Media people, wearing protective face masks, stand in front of the painting "Mona Lisa" (La Joconde) by Leonardo Da Vinci at the Louvre museum in Paris as the museum prepares to reopen its doors to the public. Picture taken June 23, 2020. REUTERS/Charles
PARIS (Reuters) - France’s Louvre Museum is getting ready to reopen almost four months after COVID-19 forced it to close, but visitors will find one feature missing: the heaving crowd jostling to get a view of the “Mona Lisa”.
With many foreign tourists not expected back for months, and strict social distancing measures in place, the post-outbreak Louvre that opens on July 6 is likely to be a more serene experience than usual.
Workers this week were putting the final touches on preparations at the former palace on the banks of the Seine that, according to managers, is the world’s most visited museum.
There will be disinfecting hand gel dispensers, a booking system that allocates time slots to visitors, a one-way system, as well as signs reminding visitors to keep one metre (yard) apart and wear masks.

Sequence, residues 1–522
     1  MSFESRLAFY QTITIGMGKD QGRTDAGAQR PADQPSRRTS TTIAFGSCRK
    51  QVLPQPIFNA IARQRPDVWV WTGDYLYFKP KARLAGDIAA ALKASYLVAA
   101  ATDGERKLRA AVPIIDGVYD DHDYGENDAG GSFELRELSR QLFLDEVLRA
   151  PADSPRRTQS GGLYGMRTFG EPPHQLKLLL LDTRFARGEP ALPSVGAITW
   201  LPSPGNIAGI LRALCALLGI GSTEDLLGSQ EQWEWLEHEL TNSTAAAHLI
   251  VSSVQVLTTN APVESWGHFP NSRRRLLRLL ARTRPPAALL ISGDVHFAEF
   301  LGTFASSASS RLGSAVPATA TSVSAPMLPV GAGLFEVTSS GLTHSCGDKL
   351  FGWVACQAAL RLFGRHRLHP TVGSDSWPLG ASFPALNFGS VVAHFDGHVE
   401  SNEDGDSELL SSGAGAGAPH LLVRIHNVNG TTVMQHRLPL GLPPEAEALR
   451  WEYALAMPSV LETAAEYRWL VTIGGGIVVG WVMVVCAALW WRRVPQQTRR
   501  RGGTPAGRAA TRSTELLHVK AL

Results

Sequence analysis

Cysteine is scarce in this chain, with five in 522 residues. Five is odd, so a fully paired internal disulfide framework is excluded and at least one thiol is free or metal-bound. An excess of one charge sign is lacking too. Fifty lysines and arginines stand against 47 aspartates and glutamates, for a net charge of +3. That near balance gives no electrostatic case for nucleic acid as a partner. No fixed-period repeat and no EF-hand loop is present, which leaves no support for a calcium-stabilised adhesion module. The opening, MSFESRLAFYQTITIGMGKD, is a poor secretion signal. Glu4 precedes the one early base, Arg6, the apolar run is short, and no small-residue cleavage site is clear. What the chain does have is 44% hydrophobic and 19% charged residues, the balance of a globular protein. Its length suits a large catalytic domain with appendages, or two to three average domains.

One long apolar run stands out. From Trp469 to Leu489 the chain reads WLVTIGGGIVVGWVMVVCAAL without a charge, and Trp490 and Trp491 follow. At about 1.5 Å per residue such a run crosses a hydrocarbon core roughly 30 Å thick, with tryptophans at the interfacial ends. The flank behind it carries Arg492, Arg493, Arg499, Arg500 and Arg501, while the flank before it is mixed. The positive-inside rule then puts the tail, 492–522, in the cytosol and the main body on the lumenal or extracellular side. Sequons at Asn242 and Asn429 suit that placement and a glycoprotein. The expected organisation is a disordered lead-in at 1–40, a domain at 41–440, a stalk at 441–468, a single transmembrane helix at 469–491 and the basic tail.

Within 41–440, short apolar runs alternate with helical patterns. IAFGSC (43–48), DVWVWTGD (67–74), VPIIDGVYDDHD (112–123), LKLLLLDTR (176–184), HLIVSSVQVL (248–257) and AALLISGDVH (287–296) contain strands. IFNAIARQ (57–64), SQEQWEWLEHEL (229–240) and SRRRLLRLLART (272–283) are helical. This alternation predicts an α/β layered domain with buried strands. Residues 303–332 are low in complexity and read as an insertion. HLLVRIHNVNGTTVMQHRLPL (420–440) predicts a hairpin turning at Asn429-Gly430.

And managers anticipate that initial visitor numbers will be only a fifth of pre-outbreak levels.
The museum’s director Jean-Luc Martinez said its sheer size - 45,000 square metres of galleries containing 30,000 works will reopen - means it will not be hard to respect physical distancing.
“It’s not somewhere where you’re going to be crushed up against each other,” he said.
Before the outbreak, the Louvre had around 1 million visitors each month in the summer season. Three quarters of them were foreign tourists.
Many visitors traditionally made a beeline for Leonardo da Vinci’s “Mona Lisa”, often resulting in a crowd several people deep in front of it.
Martinez said the COVID-19 lockdown had cost about 40 million euros ($45 million) in lost ticket office revenue, cancelled events and shop sales.
He said the Louvre would weather the storm, although it was likely to need two or three years to get back to normal.
“This palace is more than 800 years old, the museum has been open for more than 200 years. Of course this crisis is an unusual moment, but the Louvre will remain,” he said.